Arlington Virginia Hospital Center in Arlington has every reason to be proud as a peacock. It was the only hospital in the Washington Metropolitan region, and one out of 332 in the nation, to receive the Healthgrades 2012 Outstanding Patient Experience Award.
According to Dr. Archelle Georgio, a physician consultant for Healthgrades, the scores for the Hospital Consumer Assessment of Healthcare Providers and Systems (HCAHPS) — a 27-item national standardized and publicly reported survey that measures patients’ perceptions of their hospital experience — are considered in evaluating the candidates for this award. Hospitals had to have at least 100 survey responses submitted to be eligible for this award. “VHC was competing against all hospitals in the country. They should be extremely proud of it,” Georgio said.
In the healthcare arena, the important focal point is on the patient experience. “It really starts at the beginning — hiring the right people. The hiring process is a very thorough evaluation of the potential employee,” said Dr. Jeffrey DiLisi, vice president and chief medical officer. Only those people who do well in all parts of the process are hired. The hospital has a set of “anchors” that are 12 models/ expectations of behavior that were developed by staff. In efforts to match the employees to the organization, their selection is also weighed against the anchors.
“What is unique is the process we go through to find the right people. It’s the feel as soon as you walk in,” said Adrian Stanton, vice president and chief marketing officer. Part of the interview process includes a peer interview in which a potential candidate may meet with a manager on the floor to determine if there is a good fit. “The hiring process is a very thorough evaluation of the potential employees. Only people who do well in all parts of the process are hired. The peer interview process — that’s huge. If they don’t pass the peer interview, it’s done,” Stanton said.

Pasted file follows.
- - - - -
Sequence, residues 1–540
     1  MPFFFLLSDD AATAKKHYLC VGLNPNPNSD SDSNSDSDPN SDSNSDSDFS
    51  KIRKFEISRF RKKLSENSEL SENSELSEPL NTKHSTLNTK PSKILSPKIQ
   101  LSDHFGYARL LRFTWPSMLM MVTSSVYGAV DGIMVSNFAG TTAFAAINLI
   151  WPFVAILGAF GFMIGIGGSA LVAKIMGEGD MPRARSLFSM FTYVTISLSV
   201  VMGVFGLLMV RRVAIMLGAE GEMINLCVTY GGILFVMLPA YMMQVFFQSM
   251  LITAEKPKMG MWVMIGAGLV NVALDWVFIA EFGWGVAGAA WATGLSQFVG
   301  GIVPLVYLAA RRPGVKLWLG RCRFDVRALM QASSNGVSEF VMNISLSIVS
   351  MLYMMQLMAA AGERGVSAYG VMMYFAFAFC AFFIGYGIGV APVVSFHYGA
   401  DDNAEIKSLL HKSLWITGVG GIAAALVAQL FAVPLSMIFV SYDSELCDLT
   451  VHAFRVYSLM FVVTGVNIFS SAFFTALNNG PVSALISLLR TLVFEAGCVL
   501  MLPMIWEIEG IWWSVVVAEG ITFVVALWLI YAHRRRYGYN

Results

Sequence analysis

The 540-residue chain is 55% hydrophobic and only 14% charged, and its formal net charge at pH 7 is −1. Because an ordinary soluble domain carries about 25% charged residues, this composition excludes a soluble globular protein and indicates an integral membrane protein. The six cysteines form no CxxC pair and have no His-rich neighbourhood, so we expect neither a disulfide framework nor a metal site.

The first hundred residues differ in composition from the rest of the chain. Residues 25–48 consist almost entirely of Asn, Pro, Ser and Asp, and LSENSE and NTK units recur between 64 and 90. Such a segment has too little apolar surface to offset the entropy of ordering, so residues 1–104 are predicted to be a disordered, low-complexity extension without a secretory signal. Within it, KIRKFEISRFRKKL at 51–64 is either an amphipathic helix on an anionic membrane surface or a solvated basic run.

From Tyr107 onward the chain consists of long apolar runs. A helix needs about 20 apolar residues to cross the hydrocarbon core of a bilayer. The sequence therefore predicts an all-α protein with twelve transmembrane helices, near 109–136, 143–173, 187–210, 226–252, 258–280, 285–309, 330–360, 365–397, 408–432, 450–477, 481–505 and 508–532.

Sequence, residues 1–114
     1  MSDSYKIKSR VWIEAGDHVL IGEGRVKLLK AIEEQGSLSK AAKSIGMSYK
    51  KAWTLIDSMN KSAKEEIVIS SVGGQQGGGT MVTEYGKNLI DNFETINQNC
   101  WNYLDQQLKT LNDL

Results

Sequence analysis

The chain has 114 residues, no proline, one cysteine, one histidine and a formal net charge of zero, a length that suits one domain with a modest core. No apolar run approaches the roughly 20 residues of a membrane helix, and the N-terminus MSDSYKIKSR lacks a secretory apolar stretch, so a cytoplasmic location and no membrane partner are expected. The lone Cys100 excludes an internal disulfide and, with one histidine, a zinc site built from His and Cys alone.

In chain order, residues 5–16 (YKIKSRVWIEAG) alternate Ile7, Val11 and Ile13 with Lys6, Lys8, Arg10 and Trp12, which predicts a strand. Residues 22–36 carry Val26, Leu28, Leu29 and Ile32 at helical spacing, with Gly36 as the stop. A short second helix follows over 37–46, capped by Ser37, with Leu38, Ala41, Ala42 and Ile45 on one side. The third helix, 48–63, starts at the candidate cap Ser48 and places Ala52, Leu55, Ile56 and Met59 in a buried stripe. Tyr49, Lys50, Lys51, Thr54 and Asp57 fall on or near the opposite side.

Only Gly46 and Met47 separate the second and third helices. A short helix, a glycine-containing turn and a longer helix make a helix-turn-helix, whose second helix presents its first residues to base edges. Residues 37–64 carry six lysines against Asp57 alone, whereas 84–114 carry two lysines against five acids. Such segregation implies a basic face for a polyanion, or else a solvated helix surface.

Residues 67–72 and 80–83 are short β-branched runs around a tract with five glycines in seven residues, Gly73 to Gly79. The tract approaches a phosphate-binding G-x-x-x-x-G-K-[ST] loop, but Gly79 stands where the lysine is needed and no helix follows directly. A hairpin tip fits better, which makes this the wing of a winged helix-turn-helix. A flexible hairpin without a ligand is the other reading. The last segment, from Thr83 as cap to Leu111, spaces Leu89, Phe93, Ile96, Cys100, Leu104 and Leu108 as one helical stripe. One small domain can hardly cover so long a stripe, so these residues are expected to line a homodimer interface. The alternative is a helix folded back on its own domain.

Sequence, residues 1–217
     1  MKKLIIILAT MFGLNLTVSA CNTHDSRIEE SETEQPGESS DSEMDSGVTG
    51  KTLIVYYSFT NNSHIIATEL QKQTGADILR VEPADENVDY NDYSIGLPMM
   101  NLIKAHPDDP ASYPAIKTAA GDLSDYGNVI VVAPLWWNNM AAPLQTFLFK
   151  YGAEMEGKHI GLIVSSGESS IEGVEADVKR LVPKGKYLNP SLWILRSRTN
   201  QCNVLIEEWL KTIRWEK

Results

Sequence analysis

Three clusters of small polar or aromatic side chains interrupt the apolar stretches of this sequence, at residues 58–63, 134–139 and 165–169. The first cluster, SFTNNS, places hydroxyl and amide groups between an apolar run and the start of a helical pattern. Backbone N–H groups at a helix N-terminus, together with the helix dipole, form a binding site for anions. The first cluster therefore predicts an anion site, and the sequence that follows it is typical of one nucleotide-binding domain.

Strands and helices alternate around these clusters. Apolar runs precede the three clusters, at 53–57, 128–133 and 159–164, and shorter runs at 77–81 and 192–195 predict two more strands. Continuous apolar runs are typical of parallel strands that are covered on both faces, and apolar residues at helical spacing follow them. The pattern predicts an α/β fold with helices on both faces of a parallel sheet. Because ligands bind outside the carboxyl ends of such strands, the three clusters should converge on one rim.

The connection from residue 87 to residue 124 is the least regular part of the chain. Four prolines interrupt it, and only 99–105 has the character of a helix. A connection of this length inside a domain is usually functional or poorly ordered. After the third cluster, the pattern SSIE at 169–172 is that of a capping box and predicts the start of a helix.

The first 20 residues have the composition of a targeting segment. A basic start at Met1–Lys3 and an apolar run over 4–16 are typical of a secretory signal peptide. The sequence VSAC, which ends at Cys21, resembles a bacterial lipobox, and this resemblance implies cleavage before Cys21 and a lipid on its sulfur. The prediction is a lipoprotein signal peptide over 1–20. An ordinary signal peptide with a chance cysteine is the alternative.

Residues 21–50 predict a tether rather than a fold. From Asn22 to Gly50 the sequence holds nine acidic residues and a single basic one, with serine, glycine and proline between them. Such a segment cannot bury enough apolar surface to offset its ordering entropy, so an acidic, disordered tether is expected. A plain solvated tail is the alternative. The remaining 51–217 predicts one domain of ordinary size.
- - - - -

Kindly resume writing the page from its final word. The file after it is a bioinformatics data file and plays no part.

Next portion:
Included in the hospital’s vision statement and vital to the sentiment of the Outstanding Patient Experience Award are the stated goals of providing the highest quality clinical care, achieving the highest levels of patient satisfaction, and serving the healthcare needs of the community. “It’s important in getting everyone on the same page. We take patient satisfaction scores very seriously. We see them as the voice of the patient. These are the perceptions of the quality of care given. If there are weaknesses in an area, we try to address them right away,” DeLisi said.
“People come with their personalities and expectations. No one truly looks forward to being in the hospital. We meet patients where they are. We develop individual plans of care around that. We can’t bring our expectations to them,” said Darlene Vrotsos, chief nursing officer. Vrotsos emphasized it is important to have the right attitude, education and awareness, and the right tools in place. The key elements that embrace having the right people in place include anticipating patients’ needs, effective communication, and constantly rounding on patients.
One of the systems in place is a “Quality Hotline” where patients, family members, or staff can pick up a telephone, dial a special number, and the operator will put in their concern or request. A text message subsequently goes out on the pager system to the executive team and the rest of the hospital. The appropriate person is then deployed by the leadership team to address the issue or fix the problem. “We actually built in the attitude, the customer service approach, and the systems support,” Vrotsos said.
“We stay very open and transparent. We try to be very inclusive at every level. Every single employee has an impact on a patient or a patient’s experience with us. We stress the vital importance of volunteers and all staff and engage staff around the right goals. This hospital has asked a lot to meet that experience. We work very hard to get it right. I believe the majority of our staff takes that to heart,” Stanton said.
Charley Conrad, a former patient at VHC, echoes the sentiment of the Outstanding Patient Experience Award. “The level of care was phenomenal. I was treated royally. It was very, very positive,” Conrad said. He praised the customer service and applauded the high level of respect he received from all staff — from patient care to patient validation. “The nurses kept me constantly informed. It was incredible,” Conrad said.
Karen L. Bune is a freelance writer. She serves as an adjunct professor at Marymount University and is a nationally recognized public speaker.